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Type: Journal article
Title: The majority of irregular menstrual cycles in adolescence are ovulatory: results of a prospective study
Author: Peà A, A.
Doherty, D.
Atkinson, H.
Hickey, M.
Norman, R.
Hart, R.
Citation: Archives of Disease in Childhood, 2018; 103(3):235-239
Publisher: BMJ Publishing Group
Issue Date: 2018
ISSN: 0003-9888
Statement of
Alexia S Peña, Dorota A Doherty, Helen C Atkinson, Martha Hickey, Robert J Norman, Roger Hart
Abstract: Purpose: While ovulation is most likely to occur in adolescent girls with regular menstrual cycles, there are limited data on the incidence of ovulation in girls with irregular menstrual cycles in early postmenarcheal years. The aim of the study was to evaluate the presence of ovulation in healthy postmenarcheal girls with irregular menstrual cycles. Methods, design and subjects: Prospective cohort study over 12 weeks including 40 healthy postmenarcheal girls recruited from the population-based cohort of adolescents from Western Australian Pregnancy Cohort (Raine) Study with irregular menstrual cycles defined by either menstrual cycles <21 days or >35 days in duration or cycle length that varied from month to month by >4 days according to menstrual diaries. Main outcome measure: Ovulation defined by urinary pregnanediol-3α–glucuronide/creatinine measurements higher than three times above minimum value obtained from 12 samples (1 per week). Results: Forty girls (37 Caucasians) with irregular menstrual cycles aged 15.1 (median (IQR) 14.9–15.4) years who were 2.3 (1.9–3.3) years postmenarche were assessed. Urinary pregnanediol-3α–glucuronide/creatinine values identified that 33 girls (82.5%) ovulated during the 3 months of observation and 7 girls had anovulatory cycles. Menstrual diaries collected for a median (IQR) of 159 (137.5–188.2) days showed median minimal and maximum menstrual cycle duration of 24 (11.5–29) and 38.5 (35–48) days, respectively. Conclusions: A large proportion of healthy adolescent girls with irregular menstrual cycles are still ovulating despite irregular and infrequent menses.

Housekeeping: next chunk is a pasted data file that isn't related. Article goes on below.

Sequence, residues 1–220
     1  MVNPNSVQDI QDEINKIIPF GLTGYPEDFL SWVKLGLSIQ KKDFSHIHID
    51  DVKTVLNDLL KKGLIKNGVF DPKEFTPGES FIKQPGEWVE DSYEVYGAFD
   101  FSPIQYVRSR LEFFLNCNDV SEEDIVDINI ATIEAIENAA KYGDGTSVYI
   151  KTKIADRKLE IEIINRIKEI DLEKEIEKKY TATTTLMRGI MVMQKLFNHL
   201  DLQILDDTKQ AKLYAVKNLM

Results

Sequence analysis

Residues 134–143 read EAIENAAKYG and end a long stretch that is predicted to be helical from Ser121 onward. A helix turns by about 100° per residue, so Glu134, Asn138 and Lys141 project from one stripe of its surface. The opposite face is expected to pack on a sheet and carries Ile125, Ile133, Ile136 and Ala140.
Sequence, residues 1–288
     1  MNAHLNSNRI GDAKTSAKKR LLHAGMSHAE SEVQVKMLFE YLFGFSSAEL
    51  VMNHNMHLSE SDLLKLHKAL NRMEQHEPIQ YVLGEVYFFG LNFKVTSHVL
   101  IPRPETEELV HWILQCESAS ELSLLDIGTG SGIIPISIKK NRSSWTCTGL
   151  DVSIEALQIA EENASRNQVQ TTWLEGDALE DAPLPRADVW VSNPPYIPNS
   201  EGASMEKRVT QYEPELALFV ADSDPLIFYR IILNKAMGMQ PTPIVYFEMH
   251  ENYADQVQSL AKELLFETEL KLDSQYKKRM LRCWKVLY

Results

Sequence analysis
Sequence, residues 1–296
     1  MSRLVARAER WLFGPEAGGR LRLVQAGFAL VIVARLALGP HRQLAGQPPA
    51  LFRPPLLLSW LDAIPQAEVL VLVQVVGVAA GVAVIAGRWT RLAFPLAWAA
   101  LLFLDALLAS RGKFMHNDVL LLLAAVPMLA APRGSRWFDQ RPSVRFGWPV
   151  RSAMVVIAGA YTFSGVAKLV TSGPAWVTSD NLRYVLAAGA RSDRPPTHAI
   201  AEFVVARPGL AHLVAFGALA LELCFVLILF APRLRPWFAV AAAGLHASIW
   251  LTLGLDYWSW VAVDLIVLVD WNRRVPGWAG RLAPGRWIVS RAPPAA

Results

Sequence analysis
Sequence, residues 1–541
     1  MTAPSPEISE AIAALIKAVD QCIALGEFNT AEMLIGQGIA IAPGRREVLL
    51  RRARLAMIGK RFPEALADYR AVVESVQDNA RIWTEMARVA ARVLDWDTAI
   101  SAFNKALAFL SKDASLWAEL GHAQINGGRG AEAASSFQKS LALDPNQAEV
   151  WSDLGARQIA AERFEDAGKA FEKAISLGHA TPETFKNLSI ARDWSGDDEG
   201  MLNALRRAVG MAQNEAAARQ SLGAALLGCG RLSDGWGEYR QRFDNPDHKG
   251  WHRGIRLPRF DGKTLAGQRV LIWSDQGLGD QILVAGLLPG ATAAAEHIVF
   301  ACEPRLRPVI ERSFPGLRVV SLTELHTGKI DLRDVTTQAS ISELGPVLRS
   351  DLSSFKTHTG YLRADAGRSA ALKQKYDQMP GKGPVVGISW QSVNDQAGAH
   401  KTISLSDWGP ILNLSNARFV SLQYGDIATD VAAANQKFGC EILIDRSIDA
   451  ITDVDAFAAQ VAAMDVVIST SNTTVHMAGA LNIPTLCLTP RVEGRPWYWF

Keywords: Raine study
Description: Published Online First 9 August 2017
Rights: © Article author(s) (or their employer(s) unless otherwise stated in the text of the article) 2018. All rights reserved. No commercial use is permitted unless otherwise expressly granted.
RMID: 0030074146
DOI: 10.1136/archdischild-2017-312968
Grant ID:
Appears in Collections:Paediatrics publications

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